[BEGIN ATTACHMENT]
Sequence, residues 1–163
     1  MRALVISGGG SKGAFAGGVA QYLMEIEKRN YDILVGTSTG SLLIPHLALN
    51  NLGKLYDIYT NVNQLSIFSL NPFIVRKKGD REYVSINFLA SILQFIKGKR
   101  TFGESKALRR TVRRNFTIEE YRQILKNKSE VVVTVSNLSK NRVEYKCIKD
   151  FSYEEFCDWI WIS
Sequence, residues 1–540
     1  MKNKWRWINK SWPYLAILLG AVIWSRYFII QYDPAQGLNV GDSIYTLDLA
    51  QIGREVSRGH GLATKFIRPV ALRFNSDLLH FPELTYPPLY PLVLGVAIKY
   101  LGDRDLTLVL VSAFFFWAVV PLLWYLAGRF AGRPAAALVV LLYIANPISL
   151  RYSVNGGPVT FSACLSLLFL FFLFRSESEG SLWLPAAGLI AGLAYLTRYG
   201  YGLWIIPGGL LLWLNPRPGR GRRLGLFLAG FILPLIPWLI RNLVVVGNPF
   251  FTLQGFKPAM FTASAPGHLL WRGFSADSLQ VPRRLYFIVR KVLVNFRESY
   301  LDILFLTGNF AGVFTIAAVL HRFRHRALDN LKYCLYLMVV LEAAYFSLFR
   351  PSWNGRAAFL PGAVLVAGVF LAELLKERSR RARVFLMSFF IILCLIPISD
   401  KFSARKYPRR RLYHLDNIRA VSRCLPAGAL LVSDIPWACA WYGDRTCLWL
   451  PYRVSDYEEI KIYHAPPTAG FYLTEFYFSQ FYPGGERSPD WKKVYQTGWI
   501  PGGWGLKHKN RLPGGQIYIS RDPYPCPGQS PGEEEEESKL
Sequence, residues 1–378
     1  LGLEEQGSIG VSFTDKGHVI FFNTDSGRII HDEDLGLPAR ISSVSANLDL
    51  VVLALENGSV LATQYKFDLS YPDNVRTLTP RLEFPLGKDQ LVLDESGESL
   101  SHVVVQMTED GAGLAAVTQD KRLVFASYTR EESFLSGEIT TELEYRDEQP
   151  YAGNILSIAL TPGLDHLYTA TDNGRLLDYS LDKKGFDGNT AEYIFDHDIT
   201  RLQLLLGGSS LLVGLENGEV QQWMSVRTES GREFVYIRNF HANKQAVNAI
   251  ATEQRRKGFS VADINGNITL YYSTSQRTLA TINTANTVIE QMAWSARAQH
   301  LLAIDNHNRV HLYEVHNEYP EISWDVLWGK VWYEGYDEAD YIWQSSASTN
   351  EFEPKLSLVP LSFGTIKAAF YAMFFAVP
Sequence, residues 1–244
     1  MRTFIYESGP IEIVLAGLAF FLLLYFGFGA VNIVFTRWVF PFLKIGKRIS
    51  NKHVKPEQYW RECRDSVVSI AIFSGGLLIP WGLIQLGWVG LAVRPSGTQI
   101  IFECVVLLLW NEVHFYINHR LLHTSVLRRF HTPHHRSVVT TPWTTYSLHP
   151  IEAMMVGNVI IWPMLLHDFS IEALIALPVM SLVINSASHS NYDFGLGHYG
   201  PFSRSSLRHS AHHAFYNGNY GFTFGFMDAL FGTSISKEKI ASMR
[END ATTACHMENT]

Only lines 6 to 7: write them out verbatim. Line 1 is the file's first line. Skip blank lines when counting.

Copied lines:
Sequence, residues 1–540
     1  MKNKWRWINK SWPYLAILLG AVIWSRYFII QYDPAQGLNV GDSIYTLDLA